IAFC President and Chairman of the Board Chief Dan Eggleston told a Homeland Security subcommittee that the changing climate is having an impact on the fire service, including more costly and intense wildland fires.
Eggleston testified Tuesday before the Subcommittee on Emergency Preparedness, Response, and Recovery, on “Assessing the Homeland Security Impacts of a Changing Climate.” The subcommittee is chaired by Rep. Donald Payne (D-N.J.).
“No matter if it is a hurricane, tornado, flood or wildland fire, America’s local fire departments are the first to arrive on scene and often the last to leave,” Eggleston testified. “The first 24 hours after disaster strikes are critical during such large-scale events. Local fire departments must provide emergency response in treacherous conditions without the expectation of immediate state or federal assistance. In short, local fire departments – large and small – are all-hazard responders responsible to meet these great challenges.”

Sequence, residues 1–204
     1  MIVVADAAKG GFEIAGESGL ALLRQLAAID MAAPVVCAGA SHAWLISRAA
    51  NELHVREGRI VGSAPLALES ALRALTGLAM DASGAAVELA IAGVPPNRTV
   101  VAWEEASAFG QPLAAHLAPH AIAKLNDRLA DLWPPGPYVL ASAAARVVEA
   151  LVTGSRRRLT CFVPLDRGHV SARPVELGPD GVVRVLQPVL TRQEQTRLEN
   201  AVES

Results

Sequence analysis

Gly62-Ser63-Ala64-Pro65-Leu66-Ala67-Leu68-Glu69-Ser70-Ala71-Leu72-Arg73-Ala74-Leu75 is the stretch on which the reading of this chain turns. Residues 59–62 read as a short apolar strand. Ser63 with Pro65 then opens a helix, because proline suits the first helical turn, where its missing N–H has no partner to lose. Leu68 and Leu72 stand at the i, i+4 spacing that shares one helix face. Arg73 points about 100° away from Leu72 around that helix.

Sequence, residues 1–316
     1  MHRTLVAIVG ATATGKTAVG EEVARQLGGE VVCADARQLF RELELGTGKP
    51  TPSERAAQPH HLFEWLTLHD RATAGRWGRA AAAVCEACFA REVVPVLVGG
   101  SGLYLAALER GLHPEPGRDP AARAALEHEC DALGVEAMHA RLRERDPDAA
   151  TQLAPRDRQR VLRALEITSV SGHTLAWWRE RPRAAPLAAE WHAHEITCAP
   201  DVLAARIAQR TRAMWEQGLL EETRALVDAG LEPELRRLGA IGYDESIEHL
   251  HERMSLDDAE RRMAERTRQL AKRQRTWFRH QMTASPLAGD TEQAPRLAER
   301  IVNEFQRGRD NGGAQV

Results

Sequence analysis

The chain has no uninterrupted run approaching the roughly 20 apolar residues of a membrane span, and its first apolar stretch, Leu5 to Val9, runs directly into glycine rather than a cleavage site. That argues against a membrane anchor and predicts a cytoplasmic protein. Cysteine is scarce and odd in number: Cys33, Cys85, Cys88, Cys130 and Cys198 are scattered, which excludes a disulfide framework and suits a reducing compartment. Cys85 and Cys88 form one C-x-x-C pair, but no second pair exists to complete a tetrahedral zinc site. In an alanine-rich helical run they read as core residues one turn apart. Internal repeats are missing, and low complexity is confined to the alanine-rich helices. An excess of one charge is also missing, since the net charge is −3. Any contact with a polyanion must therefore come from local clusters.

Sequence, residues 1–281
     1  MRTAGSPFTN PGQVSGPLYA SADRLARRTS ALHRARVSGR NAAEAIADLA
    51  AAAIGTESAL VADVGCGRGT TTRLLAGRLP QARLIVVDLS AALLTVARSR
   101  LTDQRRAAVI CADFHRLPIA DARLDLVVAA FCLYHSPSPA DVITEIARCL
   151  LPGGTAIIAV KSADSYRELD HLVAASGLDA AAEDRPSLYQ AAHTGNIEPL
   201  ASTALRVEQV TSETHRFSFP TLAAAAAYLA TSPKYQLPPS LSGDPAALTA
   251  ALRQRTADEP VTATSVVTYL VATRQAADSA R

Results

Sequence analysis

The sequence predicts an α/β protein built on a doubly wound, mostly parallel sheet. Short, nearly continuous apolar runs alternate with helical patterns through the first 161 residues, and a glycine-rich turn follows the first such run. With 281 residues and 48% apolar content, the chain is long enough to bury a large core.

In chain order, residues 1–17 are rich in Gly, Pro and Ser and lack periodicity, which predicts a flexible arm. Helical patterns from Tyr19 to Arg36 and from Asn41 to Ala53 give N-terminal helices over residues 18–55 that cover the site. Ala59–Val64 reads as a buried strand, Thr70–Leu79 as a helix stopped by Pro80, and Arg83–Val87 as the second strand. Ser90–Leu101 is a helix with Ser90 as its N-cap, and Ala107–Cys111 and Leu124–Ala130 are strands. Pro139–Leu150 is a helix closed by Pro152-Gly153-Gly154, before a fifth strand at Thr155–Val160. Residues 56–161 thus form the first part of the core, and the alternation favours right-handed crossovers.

Eggleston said the cost and intensity of climate-driven disasters are increasing. According to NOAA, the U.S. has witnessed 14 or more weather-related disasters costing more than $1 billion each year for the past three years.
“In addition, we have seen the number of acres burned by wildland fires increase by two-thirds over the past 10 years to 8.8 million acres,” he said.
In addition to property loss, weather-related disasters are causing tragic lost lives and injuries. According to NOAA, the 14 weather disasters in 2018 costing more than $1 billion in damages caused 247 deaths. According to the NFPA, 44 firefighters were fatally injured between 2007 and 2016 as a result of wildland fires. An additional 1,330 fireground injuries were caused by wildland fires between 2011 and 2015.
Eggleston asked Congress to take the following steps to help local communities and fire departments prepare for the increasing number of climate-related disasters:
- Promote mitigation efforts
- Support community preparedness programs
- Support programs that prepare local fire departments to respond to climate-driven disasters
“As disasters increase in intensity, they draw in resources from around the nation through EMAC and other mutual aid agreements,” Eggleston said. “It is important that local fire departments have the training, equipment and staffing that they require to support local, regional and national disasters. The FIRE and SAFER grant programs provide matching grants to local fire departments to meet these needs.”